Mayor seeks new water standard
POSTED: Monday, January 19, 2009
Mayor Mufi Hannemann is calling on the state Department of Health to update its water quality standards—an action that he believes could have affected a recent federal ruling forcing the city to upgrade two major waste-water treatment plants.
At an informational briefing last week to state House and Senate committees, Hannemann criticized the Health Department for its delay in updating its water quality laws in light of a recent final decision by the U.S. Environmental Protection Agency.
Hannemann said he had been asking the state to correct the standards, including one with a typographical error, for nearly a year. Because of this lag, he says, the city will likely have to raise sewer fees to pay for upgrades to the Honouliuli and Sand Island waste-water treatment plants.
"Here we are, one year later, faced with the potentially tremendous financial impact of a mandate to upgrade our two largest treatment plants to secondary, when all of this might have been averted had the DOH fulfilled its legal obligation to timely review their water quality standards and correct what they have acknowledged is a typographical error," Hannemann said.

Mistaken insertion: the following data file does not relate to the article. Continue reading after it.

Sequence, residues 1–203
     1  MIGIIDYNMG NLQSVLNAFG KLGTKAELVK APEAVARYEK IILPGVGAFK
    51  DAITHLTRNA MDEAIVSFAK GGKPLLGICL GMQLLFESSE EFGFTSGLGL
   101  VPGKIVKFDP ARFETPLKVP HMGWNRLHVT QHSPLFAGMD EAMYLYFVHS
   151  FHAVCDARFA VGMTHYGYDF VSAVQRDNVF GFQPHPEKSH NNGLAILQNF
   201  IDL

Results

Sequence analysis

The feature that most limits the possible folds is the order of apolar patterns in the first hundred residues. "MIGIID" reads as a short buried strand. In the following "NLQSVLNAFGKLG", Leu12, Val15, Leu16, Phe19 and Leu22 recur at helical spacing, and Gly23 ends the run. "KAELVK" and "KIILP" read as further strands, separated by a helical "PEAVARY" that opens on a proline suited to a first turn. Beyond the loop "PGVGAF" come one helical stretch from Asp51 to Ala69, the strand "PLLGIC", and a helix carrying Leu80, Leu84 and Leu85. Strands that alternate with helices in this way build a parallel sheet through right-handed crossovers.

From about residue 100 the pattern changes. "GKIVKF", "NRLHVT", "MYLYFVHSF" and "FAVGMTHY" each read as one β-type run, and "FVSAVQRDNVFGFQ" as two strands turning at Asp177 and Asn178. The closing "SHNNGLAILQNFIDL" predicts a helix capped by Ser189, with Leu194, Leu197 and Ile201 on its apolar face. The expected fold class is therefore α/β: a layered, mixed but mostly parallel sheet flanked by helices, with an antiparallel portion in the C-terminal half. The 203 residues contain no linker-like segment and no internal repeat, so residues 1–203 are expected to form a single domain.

The city will appeal a decision by the EPA that ruled discharge into the ocean exceeded bacteria and toxic levels set by the state and could harm the public.
According to federal law, states are encouraged to review their water quality standards every three years and change them if necessary. The last time Hawaii changed some of its standards was in 2004, according to Lawrence Lau, state deputy director for environmental health.
But it is unclear and unlikely whether the changes in the state standards would have ultimately affected the EPA's decision, said EPA spokesman Dean Higuchi.
"We evaluated it both ways," Higuchi said. "It still didn't really alter our final decision. It's really the city's choice to use what they want for their appeal."
Lau acknowledged that there was at least one typographical error in the state's water quality standard: a misplaced decimal point in a figure denoting safe levels of pesticide in fish.
However, in the EPA's report for Honouliuli, it found that the pesticide levels exceeded the state's standard even with the intended amount.
"Even with the typographical corrections, even with the updated standards, there would still be some exceedances, maybe not as many as before," Lau said. "I do agree we should update the standards, and we're working on that."
Lau said the department had some personnel changes in 2005 that impeded its ability to update the water standards.
The EPA ruled that the city needs to upgrade these treatment plants to include an additional level of filtering, called "secondary treatment." The city estimates construction for the upgrades costs about $1.2 billion.